February 10, 2011
What Would Cupid Do? Valentine’s Day Tips For Couples or Singles
A relationship expert offers ideas for avoiding pitfalls and enjoying the day
Reporters/editors/producers note: The following feature was produced by the American Psychological Association. It is available to use it in its entirety or in part; we only request that you credit APA as the source. A photograph of the researcher is available and we also have other experts on this topic.
Diana Kirschner, PhD, is a psychologist who has helped thousands of singles, couples and families to create love, success and harmony in their lives for more than 25 years. Dr. Kirschner ran the Institute for Comprehensive Family Therapy, a nationally recognized postgraduate center devoted to training psychiatrists, psychologists and therapists all over the world in a unique approach that combined individual, couple and family therapy. As part of that training, she did breakthrough sessions with singles, couples and families who were at an impasse in therapy—showing how to resolve the most difficult relationship, family and work issues in front of large audiences of mental health professionals. Based in New York City, Dr. Kirschner i s a frequent guest psychologist on national talk shows and author of the new relationship advice book, Sealing the Deal: The Love Mentor’s Guide to Lasting Love, as well as the best-selling book Love in 90 Days.
Q: What suggestions do you have for long-term couples to keep the romance in their relationship?
Dr. Kirschner: Research shows that great passion and romance can be present even in couples married over 20 years. So, how do these happily-in-love couples do it? One technique to keep a great romance going is for the spouses/partners to act like they are having an affair with each other. Yes, with each other.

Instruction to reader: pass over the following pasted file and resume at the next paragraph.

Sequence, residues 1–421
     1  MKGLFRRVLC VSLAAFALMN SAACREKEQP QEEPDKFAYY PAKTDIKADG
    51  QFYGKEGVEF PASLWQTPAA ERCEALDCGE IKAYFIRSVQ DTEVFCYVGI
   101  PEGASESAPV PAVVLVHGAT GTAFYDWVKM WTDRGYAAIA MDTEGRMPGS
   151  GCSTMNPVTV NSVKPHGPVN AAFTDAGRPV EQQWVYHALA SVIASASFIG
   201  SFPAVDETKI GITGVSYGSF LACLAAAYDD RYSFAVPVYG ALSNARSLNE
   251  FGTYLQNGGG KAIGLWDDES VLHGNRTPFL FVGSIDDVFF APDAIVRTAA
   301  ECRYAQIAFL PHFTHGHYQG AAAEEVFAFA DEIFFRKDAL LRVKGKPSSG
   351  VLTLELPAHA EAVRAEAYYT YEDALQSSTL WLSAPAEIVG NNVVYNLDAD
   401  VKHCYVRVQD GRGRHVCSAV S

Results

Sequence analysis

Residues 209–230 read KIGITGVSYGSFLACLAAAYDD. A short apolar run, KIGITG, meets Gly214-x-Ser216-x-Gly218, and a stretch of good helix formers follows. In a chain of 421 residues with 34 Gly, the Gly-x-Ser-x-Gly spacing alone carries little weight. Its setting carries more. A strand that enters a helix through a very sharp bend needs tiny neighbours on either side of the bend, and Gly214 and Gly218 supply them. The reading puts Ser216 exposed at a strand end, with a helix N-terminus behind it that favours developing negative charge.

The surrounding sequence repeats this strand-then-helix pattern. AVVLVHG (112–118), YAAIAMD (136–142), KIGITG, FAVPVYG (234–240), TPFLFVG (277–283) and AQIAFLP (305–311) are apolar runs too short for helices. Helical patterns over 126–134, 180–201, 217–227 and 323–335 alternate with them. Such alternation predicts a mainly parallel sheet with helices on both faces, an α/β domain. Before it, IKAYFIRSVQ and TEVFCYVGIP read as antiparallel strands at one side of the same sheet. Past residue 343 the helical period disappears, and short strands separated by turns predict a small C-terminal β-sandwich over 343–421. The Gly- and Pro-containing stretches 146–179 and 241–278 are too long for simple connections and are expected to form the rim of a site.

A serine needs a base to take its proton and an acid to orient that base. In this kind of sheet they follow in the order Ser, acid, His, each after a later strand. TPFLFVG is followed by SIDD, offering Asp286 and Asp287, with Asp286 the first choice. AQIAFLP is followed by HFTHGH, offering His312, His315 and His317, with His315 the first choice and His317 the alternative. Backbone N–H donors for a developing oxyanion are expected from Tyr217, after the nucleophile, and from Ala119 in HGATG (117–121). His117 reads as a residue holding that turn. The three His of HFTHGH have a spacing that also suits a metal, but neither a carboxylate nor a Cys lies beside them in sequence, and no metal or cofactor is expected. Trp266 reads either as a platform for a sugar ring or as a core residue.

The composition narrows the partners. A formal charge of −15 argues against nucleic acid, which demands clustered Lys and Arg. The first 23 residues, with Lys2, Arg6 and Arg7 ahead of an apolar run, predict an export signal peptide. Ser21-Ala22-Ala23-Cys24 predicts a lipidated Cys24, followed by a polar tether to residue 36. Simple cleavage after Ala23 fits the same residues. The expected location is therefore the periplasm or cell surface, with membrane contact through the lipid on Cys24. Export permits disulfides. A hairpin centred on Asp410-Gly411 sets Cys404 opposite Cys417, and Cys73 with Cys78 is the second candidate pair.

Think about what happens in an extramarital affair - teasing and flirting. The excitement of an affair pivots on gestures that aren’t consummated - the lingering touch, the sweet nibble on the ear, the deep kiss, the suggestive glance that may or may not go any further. There is a playful novelty and uncertainty that drive up dopamine, the falling-in-love brain chemical which, in turn, creates anticipation, excitement and focus on the beloved. Infatuation sizzles. So, get into that same frame of mind with your partner/spouse.
Q: What if any impacts are social media outlets such as Facebook and Twitter having on our romantic relationships? Do you have any advice about constructive ways to use them (or not) on Valentine’s Day?
Dr. Kirschner: Social media have definitely impacted our romantic relationships both on the downside and the upside. One downside is that social media can become seriously addictive and time-consuming and can drain attention away from your partner and cut into quality time for couples. If this is the case, one great thing to do on Valentine’s Day is to go cold turkey on the social media and give creative romantic attention to your significant other.
A second downside to social media is that after you break up with someone, news about them may continue to pop up on your Twitter or Facebook feed. Be sure to unfriend your ex on Facebook and untag and remove their photos, and unfollow them on Twitter. In this way, you can avoid being constantly reminded of them and you will move on that much faster.
On the other hand, there are upsides to using social media for finding romance. First, singles have found lost loves and discovered potentially new ones on sites like Facebook. Second, you can create a large and supportive social network. On Valentine’s Day, look through your social media friends to see who might want to celebrate or connect with you. You can put out a message to your friends on Valentine’s Day asking them to help find you a wonderful partner.
Q: Valentine’s Day can be tough on single folks not currently dating or in a relationship. What advice do you have to help these people have a positive experience and not ruminate on being solo?